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WRONG NOTES: a blog of ear reverence

Wrong Notes collects posts on music, art, culture and fun stuff. Also included: news about the Ear Reverends.

The whole and the piece

I started noticing a pattern when I was a kid, where I'd keep making things bigger — more multifaceted, typically.

So one question, with the Ear Reverends' music, has been about the size of works. Is this thing I am working on a song, an album — more? less? Is it, as music, just what one will hear? What about other aspects of its experience, perceptual and conceptual?

Part of what I've been doing lately is evaluating the relationship between planning and doing. In particular, between talking about plans and doing them.

This blog has always been a question, in terms of what is said and what is presented, in relationship to the music. And, same with the website—the web is a part of this music, as an interface to it.

I am working on some things. Maybe they will be bigger things, and take more time. Maybe taking a lot more time.

So, Wrong Notes may be slow for a while.

Music is for sharing

One of main attributes that we enjoy in music is that music is a way of sharing enjoyment between people.

This is just a couple thoughts:

The main thing we want to do with music we enjoy is share it. A fundamental part of the enjoyment of music is that the enjoyment can be shared, just by sharing the music. Music is a way of sharing enjoyment (and more, deeper, feelings), and enjoyment is often shared through music.

So, if we're ever interested in paying for anything with music, it's the opportunity to share music better. That's the real, timeless, music business: giving people some opportunity to share some music, for which they will gladly pay something reasonable—just to ensure that opportunity.

When we want to own some music on a CD, it's because having a disc gives us more potential opportunities to share the music. When we want to have some music in mp3s, it's because having a digital files gives us other potential opportunities to share the music.

There are very few reasons to relate to music in terms of totally private purposes, without sharing. There are some—and I assume that most people have some bit of music that they like to listen to privately more than with others. But, even then, just because I like to listen to some song when I am alone doesn't mean I don't want to share that song with others—it's not really that private. At best, some music is kept truly private by some people in rare cases!

But, the rest of the time, we just want to share the fuck out of every piece of music we love!

My new SAD (song-a-day) diet

I started a new thing, what I call my SAD (song-a-day) diet.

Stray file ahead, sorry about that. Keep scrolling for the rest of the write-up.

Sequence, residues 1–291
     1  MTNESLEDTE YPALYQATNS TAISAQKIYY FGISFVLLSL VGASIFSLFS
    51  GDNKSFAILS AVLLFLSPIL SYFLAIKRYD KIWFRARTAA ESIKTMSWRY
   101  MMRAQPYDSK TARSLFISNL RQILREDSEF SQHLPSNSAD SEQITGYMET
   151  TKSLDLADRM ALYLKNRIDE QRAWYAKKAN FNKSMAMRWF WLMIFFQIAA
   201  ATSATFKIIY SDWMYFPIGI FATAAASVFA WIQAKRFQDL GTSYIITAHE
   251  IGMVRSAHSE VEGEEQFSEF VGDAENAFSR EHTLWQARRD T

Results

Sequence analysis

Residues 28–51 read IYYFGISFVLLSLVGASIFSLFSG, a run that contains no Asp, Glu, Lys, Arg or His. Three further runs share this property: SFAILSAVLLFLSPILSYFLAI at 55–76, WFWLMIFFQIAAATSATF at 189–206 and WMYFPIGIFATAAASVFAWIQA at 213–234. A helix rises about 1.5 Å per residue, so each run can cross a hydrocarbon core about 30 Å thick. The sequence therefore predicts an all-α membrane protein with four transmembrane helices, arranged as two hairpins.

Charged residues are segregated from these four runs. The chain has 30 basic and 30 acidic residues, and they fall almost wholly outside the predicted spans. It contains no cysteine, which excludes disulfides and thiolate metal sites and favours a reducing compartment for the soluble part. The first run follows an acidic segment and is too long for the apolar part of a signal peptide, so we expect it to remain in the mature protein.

Last week, I started a practice of writing and recording a song everyday. In the ideal, that would be all 7 days a week. Practically, I've got time blocked out on Monday–Thursday, so it may be more like 4 days a week.

On Monday last week, I ended up using my block of time to finish some rearranging and setup in HereJam studio. Then, Tuesday–Thursday, I wrote and recorded three new songs. Friday–Sunday, I also wrote a song / piece each day, but didn't recorded anything. And, today, I wrote and recorded another song / piece.

Given the constraints of this practice, one of the things I now find myself doing is remembering ideas for musical things I want to try—and writing and recording with those. So far, I've recorded a psychedelic pop song, a surf punk instrumental, a goofy pastoral with banjo and tuba, and an electronic funk piece based around the samples of dying audio chip's last sounds.

Here's some more background on why I started doing this, and what I've learned so far:

Over the years (since I was a kid, really) I've had a lot of days where I've written new music for hours and not recorded any of it. And—especially more recently, I've had a lot of other days where I spent hours fiddling with the same recording, over and over.

Between the time that I completed Err or Man and the beginning of this year, as I started preparing to record the next Ear Reverends' album, I realized that I was spending a lot of time waiting for big chunks of free time to write and record. And, then when I finally got those chunks, I felt a lot of pressure to get a lot done. And, so to relieve that unnecessary pressure, sometimes, I just wouldn't try to get anything done and would "goof off" and have fun in the studio (which worked temporarily to relieve the pressure).

So, I came to appreciate that all of this was a pretty extreme way of working, that was not really what I wanted. But, I was stuck in that pattern for a while and not sure what to do differently.

I know of a number of authors who write for a specific period of time everyday—either a set number of words, or a number of pages, or a number of hours. My cousin Lisa does this, and talking with her about it has been helpful. I also found Cory Doctorow's description of his practice, and the idea of leaving a rough edge, to be useful.